Wednesday, May 2, 2018

Infertility Is a Disease — Let’s Treat It as One

By Erika Munch, MD
San Antonio obstetrician-gynecologist, reproductive endocrinology and infertility specialist

As a reproductive health physician, I hear all sorts of explanations for why people haven’t been able to conceive — most often from patients themselves, who have gotten advice from the internet or from well-meaning but uninformed relatives.
“Sweetie, you just need to try a little harder. And relax! It’ll just happen!” 
“It’s because you had that bad Pap smear that one time. Now it’s caused a problem.” 
“He went around with too many girls when he was younger. No wonder things aren’t happening now.”
Would you tell your diabetic Aunt Thelma she should just relax and see if her blood sugar goes down? Or blame a cancer diagnosis on neglecting to write a thank-you note?

Infertility isn’t a mystery. It’s a diagnosis. It’s a real one that affects about one out of every eight couples trying to conceive. And we ought to treat it as the disease it is — with timely diagnosis and access to effective treatments.

It starts with awareness. If you haven’t been able to conceive after trying for six to 12 months on your own, speak up. Make sure your doctor listens! If you know there might be an issue because of your medical history, seek medical advice sooner rather than later. Listen to your gut, and ask YOUR physician — not Dr. Google, and not “Dr.” Aunt Thelma.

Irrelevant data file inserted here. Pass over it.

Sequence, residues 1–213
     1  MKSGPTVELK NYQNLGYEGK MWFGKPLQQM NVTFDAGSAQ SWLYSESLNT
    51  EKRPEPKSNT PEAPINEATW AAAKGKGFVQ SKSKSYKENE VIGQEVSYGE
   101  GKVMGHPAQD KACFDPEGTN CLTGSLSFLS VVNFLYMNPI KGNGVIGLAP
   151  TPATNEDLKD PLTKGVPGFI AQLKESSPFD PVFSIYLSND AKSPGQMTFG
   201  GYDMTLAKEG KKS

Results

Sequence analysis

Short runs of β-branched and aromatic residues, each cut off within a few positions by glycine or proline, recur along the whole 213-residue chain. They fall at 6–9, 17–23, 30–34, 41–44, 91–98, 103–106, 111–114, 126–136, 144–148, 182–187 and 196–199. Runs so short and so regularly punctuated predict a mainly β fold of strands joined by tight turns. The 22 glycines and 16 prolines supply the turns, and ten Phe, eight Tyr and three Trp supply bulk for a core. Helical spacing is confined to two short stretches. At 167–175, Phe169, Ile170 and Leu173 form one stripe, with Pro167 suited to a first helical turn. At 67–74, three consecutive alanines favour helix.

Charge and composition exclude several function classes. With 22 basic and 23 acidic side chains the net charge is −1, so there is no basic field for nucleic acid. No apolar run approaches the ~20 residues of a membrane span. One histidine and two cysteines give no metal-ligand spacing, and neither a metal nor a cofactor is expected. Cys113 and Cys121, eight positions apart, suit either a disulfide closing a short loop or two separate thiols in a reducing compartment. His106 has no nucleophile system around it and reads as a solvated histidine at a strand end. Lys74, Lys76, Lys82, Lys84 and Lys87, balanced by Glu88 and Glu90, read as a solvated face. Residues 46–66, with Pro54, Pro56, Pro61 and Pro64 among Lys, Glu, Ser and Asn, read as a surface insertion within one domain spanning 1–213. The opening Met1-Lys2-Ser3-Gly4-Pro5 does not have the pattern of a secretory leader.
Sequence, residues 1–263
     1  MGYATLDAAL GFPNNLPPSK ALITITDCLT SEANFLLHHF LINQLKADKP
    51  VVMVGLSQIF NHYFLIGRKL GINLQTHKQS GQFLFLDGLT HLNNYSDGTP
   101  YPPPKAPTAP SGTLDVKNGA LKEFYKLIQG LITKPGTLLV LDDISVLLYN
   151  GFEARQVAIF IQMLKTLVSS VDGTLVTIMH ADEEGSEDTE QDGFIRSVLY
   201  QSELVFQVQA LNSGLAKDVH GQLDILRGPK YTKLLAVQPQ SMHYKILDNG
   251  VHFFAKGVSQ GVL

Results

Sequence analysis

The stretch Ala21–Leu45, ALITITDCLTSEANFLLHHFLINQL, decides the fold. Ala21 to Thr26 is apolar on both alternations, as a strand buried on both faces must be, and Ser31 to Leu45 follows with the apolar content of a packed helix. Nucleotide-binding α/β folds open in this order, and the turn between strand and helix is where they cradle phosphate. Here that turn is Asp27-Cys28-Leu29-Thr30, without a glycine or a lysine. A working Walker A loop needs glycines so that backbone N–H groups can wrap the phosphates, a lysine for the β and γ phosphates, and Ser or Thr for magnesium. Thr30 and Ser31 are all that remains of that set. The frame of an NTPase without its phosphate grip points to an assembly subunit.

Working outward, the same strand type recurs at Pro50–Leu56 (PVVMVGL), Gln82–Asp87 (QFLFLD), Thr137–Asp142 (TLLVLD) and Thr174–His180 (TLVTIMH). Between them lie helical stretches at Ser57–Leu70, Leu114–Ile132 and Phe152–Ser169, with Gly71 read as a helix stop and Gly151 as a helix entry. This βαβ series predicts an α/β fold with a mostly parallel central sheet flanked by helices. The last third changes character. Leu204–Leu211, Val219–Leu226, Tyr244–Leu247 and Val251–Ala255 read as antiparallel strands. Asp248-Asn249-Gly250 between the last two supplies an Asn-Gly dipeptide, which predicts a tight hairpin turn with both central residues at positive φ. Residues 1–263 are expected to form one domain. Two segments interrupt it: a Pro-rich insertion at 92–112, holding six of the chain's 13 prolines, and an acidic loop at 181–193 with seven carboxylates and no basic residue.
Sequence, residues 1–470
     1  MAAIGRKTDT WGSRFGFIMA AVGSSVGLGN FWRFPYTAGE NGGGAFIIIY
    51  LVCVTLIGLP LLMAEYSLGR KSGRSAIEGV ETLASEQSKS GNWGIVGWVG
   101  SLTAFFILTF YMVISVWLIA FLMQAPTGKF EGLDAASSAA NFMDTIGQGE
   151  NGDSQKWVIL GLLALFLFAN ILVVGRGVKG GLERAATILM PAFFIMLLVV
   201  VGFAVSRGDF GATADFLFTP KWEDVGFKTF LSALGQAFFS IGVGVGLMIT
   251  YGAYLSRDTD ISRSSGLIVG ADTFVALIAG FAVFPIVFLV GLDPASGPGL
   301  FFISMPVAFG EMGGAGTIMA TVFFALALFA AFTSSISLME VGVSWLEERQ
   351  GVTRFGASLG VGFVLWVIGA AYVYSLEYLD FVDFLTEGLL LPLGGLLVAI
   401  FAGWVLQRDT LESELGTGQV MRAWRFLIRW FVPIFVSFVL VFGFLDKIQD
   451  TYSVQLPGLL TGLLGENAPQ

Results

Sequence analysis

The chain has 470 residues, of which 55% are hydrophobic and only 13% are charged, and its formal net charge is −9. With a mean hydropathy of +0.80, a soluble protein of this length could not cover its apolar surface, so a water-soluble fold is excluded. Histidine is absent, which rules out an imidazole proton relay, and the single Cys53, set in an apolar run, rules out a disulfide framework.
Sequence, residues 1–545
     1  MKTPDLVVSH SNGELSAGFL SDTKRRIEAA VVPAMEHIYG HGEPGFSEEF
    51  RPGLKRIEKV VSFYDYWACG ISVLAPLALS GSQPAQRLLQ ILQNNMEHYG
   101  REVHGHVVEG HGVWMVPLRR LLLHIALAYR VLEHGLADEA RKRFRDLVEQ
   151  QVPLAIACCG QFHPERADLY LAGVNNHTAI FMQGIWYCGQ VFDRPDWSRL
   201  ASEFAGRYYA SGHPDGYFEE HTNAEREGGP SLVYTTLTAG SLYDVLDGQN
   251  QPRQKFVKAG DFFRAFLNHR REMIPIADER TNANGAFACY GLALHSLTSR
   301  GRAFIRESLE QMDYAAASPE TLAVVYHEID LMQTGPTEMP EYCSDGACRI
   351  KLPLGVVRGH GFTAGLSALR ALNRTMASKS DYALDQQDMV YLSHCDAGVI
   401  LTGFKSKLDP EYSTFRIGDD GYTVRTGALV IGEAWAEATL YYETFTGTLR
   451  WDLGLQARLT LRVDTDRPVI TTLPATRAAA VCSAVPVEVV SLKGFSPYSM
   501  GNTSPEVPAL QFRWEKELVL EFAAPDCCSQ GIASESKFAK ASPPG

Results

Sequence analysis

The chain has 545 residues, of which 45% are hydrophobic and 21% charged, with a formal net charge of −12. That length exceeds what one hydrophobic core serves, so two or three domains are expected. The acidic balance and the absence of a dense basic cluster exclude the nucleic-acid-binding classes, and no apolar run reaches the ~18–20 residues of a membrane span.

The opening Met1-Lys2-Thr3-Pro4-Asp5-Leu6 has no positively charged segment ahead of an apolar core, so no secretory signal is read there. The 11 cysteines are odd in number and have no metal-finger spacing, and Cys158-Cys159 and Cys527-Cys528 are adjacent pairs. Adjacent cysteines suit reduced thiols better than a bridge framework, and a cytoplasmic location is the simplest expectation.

And it continues with activism. Unlike other states with more expansive coverage, Texas is a “mandate to offer” state. Meaning: State law requires group insurers to offer fertility treatment coverage for purchase, but does NOT require employers to purchase that coverage or make it available to their employees. Some employers do cover this for their employees, but unfortunately, many do not.

If infertility benefits are not offered by your company, ask why, and begin the conversation! Often employers are just as unaware as Aunt Thelma of how common infertility really is and the simplicity and cost-effectiveness of available treatments. Using resources from (a nonprofit organization that provides support and advocates for people facing infertility) show your organization that several top companies provide this coverage for their employees in their holistic approach to building a pro-family, productive work environment.

Doctors and patients are united in this front. Infertility is a treatable disease, and we are here to help support your journey to parenthood.

And one day, maybe Aunt Thelma can come babysit.

No comments :

Post a Comment

Related Posts Plugin for WordPress, Blogger...